Those are all stories and interpretation of observations based on wishful thinking. We have never found solid evidence of a Bigfoot. Tracks, traces, anecdotes... shouldn't there be MORE than that? Individuals have different ideas about what evidence is convincing to them. My bar is set much higher in response to this particular claim due to its implausible nature. This is why scientist are not too interested in cryptid-hunting. The evidence is weak and explainable through other means. It's extreme to think that if there was a new ape out there to find in North America that, first, we would not already have found it decades ago, and, second, that scientists would not be falling over themselves trying to study it.
When critical thinkers approach the subject of Bigfoot (or cryptozoology in general) with a focus on the evidence, they are met with reproach. We are challenging much more than the claim; we challenge their belief. They will resort to what Biblical literalists will do to evolutionists - they demonize, call us names, misquote, pick at small mistakes, and take words and ideas out of context. They create an extreme position and shoot it down (called a "straw man" argument) because it's a power play to make them feel superior. (Note that some aggressive "skeptics" will do that and it's not fair play in that case either.) All the while, they skirt the MAJOR flaws in their own conclusions.
Bigfoot-themed and other cryptozoology blogs and forums are typically hostile to skeptics, even moderate ones like myself. They can't understand why we even want to participate since we are going to "deny" everything. Gee, sorry for being interested in the topic and in getting a good answer for peoples' experiences. Questioning is not denying, it's thinking.
One popular Bigfoot blog posts every crazy claim or video under the heading "Bigfoot Evidence". They get hits regardless that the content can be outwardly sexist and rude and crude comments are allowed. Those that contribute to this site are considered Bigfoot "experts" even though their qualifications are shallow and questionable. Their information comes from one side only and they won't acknowledge skeptical input unless they have an opportunity to mock it. (The exact same methods are used on other paranormal sites that refuse to acknowledge critical pieces about their pet topics. Hmm... cowardly? Yes. And, I would add, intellectually dishonest.) It's seen to be more profitable, socially and economically, to be a Bigfoot believer than a scientific skeptic. While I'd like that to change, I don't think it will.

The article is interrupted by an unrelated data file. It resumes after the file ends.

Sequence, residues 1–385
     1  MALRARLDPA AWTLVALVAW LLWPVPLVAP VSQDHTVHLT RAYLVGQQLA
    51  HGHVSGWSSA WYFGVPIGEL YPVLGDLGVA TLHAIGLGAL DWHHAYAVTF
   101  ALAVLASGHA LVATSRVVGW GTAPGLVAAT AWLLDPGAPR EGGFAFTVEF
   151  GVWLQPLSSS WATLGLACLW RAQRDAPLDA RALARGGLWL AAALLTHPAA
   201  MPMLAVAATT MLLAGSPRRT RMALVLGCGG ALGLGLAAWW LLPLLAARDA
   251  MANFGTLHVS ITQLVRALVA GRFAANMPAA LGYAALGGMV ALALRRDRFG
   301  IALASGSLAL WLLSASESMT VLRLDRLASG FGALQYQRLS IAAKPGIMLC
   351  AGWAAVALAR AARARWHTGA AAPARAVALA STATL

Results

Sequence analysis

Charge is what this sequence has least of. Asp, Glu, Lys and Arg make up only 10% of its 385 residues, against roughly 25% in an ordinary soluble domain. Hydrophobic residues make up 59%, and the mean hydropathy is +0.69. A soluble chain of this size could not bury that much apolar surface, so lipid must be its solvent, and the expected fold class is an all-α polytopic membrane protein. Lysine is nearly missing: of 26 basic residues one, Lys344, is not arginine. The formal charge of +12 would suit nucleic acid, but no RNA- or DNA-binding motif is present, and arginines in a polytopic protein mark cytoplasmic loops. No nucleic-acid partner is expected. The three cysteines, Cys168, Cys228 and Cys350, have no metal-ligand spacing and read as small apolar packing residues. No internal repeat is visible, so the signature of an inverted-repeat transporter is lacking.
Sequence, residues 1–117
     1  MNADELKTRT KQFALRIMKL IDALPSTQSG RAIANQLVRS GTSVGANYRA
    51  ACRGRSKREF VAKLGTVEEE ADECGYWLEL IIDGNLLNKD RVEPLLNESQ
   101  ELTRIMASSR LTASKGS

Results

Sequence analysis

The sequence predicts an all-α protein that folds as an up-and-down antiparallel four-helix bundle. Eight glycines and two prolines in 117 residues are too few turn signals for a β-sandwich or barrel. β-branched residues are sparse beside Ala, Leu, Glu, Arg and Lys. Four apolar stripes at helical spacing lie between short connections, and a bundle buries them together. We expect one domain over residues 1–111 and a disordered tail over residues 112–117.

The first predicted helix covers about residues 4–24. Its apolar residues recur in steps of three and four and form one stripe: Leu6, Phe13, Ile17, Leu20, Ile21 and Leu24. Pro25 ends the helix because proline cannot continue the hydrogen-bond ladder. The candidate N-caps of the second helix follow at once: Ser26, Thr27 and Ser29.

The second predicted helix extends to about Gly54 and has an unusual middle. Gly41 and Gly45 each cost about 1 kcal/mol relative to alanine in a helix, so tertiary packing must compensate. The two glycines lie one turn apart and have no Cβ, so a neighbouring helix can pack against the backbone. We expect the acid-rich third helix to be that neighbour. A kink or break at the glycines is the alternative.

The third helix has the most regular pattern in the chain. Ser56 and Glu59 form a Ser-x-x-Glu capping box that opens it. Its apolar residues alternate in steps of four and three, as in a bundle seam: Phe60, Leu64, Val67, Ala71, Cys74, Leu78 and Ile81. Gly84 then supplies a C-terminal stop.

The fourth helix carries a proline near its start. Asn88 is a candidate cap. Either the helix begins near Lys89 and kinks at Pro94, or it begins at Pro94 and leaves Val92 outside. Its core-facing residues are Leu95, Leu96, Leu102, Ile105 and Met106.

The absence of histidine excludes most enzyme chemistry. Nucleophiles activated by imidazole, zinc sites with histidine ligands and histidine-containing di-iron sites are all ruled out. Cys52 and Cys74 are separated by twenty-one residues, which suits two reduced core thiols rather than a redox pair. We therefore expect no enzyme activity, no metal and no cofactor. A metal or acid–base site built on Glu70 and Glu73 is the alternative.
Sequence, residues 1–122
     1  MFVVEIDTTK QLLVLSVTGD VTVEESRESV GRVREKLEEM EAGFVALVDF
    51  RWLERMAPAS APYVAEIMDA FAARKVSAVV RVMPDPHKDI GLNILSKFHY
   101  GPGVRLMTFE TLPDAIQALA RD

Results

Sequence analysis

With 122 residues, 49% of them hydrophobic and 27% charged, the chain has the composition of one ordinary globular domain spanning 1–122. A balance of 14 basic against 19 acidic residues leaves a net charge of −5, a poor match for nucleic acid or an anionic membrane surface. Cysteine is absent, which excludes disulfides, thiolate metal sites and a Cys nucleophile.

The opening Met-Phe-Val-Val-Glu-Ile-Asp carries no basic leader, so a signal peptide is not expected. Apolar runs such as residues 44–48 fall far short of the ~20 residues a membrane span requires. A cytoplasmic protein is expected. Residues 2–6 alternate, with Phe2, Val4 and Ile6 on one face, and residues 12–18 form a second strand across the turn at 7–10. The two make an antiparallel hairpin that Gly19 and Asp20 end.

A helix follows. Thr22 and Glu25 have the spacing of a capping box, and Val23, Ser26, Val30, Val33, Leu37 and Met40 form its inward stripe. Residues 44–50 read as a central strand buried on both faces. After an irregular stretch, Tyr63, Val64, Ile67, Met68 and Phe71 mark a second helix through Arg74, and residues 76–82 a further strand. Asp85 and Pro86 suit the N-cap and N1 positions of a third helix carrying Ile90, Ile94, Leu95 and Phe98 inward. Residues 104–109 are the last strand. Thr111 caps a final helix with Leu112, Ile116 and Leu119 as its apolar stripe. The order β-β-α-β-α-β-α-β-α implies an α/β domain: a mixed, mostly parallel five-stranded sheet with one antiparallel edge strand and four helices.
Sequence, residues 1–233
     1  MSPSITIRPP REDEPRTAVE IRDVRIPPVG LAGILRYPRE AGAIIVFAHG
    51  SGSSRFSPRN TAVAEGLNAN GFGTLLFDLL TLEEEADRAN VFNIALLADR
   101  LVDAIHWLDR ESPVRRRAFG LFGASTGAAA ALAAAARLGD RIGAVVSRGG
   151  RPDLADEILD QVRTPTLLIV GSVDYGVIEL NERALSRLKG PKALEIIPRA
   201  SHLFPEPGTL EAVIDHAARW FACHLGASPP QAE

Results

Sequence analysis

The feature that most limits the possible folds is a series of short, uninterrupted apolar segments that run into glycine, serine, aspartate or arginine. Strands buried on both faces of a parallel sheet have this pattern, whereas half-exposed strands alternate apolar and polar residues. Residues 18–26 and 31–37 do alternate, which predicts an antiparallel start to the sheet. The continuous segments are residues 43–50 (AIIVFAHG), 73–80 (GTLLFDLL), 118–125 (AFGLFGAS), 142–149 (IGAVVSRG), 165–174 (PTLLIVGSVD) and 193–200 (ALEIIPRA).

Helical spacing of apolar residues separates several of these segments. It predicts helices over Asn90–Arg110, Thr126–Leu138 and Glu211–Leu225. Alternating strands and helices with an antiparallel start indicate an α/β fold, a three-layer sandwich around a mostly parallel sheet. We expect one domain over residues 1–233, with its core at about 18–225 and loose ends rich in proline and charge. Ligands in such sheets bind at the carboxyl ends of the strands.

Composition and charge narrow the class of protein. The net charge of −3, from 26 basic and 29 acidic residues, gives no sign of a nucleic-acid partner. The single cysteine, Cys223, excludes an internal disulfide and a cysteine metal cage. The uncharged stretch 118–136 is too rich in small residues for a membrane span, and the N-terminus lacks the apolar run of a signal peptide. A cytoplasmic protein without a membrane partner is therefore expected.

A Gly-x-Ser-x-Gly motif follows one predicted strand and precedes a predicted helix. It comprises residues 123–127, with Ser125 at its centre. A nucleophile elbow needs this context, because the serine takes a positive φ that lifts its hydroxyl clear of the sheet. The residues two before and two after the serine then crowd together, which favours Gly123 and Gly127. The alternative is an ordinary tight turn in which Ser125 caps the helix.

We have every reason to question the Bigfoot evidence out there. It's not good, it's flimsy. Oh, sure, a hundred people will chime in and disagree. I expect that. Just like Loxton and Prothero expected huge pushback from the Bigfoot community. Predictably, that's what they got. These outraged commentators provide nothing new or convincing. Just like the tired old arguments in favor of Creationism, Bigfooters have their go-to tales and favorite examples. Why have these theories not been supported by stronger evidence over time? The field has not advanced, except in public popularity. Bigfoot is an icon, a commodity. But it's still not a valid animal.
Are you on the fence about Bigfoot, just curious about the topic? Want a great example of solid research written in an entertaining fashion? Pick up a copy of Abominable Science and weigh that against what you see on TV and on the pro-Bigfoot internet sites. Note the tone, language and quality of arguments of each circle. Observe the difference between examining the evidence of the subject and having faith in it. There is a HUGE and obvious gap.